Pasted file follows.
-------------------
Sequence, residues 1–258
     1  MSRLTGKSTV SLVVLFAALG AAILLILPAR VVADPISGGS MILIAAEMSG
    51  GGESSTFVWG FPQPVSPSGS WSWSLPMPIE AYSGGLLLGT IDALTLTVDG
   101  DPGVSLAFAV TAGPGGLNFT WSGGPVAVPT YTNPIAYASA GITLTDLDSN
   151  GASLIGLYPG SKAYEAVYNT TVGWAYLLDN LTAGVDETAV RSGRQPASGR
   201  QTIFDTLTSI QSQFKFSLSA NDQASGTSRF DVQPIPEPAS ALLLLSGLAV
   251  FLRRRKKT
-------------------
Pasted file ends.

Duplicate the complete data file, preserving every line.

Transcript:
Sequence, residues 1–258
     1  MSRLTGKSTV SLVVLFAALG AAILLILPAR VVADPISGGS MILIAAEMSG
    51  GGESSTFVWG FPQPVSPSGS WSWSLPMPIE AYSGGLLLGT IDALTLTVDG
   101  DPGVSLAFAV TAGPGGLNFT WSGGPVAVPT YTNPIAYASA GITLTDLDSN
   151  GASLIGLYPG SKAYEAVYNT TVGWAYLLDN LTAGVDETAV RSGRQPASGR
   201  QTIFDTLTSI QSQFKFSLSA NDQASGTSRF DVQPIPEPAS ALLLLSGLAV
   251  FLRRRKKT